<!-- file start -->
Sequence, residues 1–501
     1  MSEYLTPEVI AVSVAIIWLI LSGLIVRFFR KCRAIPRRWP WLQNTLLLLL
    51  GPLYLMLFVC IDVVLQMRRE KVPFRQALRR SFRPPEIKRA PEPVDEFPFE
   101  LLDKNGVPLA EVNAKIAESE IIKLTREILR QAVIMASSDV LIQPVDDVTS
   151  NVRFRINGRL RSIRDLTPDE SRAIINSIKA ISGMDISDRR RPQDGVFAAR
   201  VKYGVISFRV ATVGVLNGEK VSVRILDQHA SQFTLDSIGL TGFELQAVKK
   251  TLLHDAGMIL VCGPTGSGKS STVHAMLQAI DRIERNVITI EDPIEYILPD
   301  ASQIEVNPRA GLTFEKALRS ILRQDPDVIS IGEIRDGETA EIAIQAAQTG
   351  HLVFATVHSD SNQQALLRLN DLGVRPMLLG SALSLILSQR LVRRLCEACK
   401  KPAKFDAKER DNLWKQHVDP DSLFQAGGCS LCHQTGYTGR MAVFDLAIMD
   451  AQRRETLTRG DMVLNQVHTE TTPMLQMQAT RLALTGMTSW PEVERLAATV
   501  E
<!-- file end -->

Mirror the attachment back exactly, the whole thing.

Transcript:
Sequence, residues 1–501
     1  MSEYLTPEVI AVSVAIIWLI LSGLIVRFFR KCRAIPRRWP WLQNTLLLLL
    51  GPLYLMLFVC IDVVLQMRRE KVPFRQALRR SFRPPEIKRA PEPVDEFPFE
   101  LLDKNGVPLA EVNAKIAESE IIKLTREILR QAVIMASSDV LIQPVDDVTS
   151  NVRFRINGRL RSIRDLTPDE SRAIINSIKA ISGMDISDRR RPQDGVFAAR
   201  VKYGVISFRV ATVGVLNGEK VSVRILDQHA SQFTLDSIGL TGFELQAVKK
   251  TLLHDAGMIL VCGPTGSGKS STVHAMLQAI DRIERNVITI EDPIEYILPD
   301  ASQIEVNPRA GLTFEKALRS ILRQDPDVIS IGEIRDGETA EIAIQAAQTG
   351  HLVFATVHSD SNQQALLRLN DLGVRPMLLG SALSLILSQR LVRRLCEACK
   401  KPAKFDAKER DNLWKQHVDP DSLFQAGGCS LCHQTGYTGR MAVFDLAIMD
   451  AQRRETLTRG DMVLNQVHTE TTPMLQMQAT RLALTGMTSW PEVERLAATV
   501  E